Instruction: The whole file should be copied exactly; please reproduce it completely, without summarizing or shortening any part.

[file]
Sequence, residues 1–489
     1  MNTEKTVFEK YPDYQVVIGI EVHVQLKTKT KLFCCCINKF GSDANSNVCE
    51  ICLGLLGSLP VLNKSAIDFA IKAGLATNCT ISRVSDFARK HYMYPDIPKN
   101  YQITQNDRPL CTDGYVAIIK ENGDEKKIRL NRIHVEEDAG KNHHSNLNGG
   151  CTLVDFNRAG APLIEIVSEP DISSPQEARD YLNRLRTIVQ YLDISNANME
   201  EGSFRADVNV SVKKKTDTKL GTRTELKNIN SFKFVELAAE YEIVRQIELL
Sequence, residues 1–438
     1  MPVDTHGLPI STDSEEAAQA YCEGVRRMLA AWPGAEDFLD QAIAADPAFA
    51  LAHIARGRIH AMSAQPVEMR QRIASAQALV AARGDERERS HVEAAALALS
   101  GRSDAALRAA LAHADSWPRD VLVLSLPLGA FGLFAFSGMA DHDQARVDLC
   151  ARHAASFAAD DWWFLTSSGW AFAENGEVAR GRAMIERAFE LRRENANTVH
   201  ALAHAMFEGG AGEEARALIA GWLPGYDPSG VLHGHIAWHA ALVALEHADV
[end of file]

Sequence, residues 1–489
     1  MNTEKTVFEK YPDYQVVIGI EVHVQLKTKT KLFCCCINKF GSDANSNVCE
    51  ICLGLLGSLP VLNKSAIDFA IKAGLATNCT ISRVSDFARK HYMYPDIPKN
   101  YQITQNDRPL CTDGYVAIIK ENGDEKKIRL NRIHVEEDAG KNHHSNLNGG
   151  CTLVDFNRAG APLIEIVSEP DISSPQEARD YLNRLRTIVQ YLDISNANME
   201  EGSFRADVNV SVKKKTDTKL GTRTELKNIN SFKFVELAAE YEIVRQIELL
Sequence, residues 1–438
     1  MPVDTHGLPI STDSEEAAQA YCEGVRRMLA AWPGAEDFLD QAIAADPAFA
    51  LAHIARGRIH AMSAQPVEMR QRIASAQALV AARGDERERS HVEAAALALS
   101  GRSDAALRAA LAHADSWPRD VLVLSLPLGA FGLFAFSGMA DHDQARVDLC
   151  ARHAASFAAD DWWFLTSSGW AFAENGEVAR GRAMIERAFE LRRENANTVH
   201  ALAHAMFEGG AGEEARALIA GWLPGYDPSG VLHGHIAWHA ALVALEHADV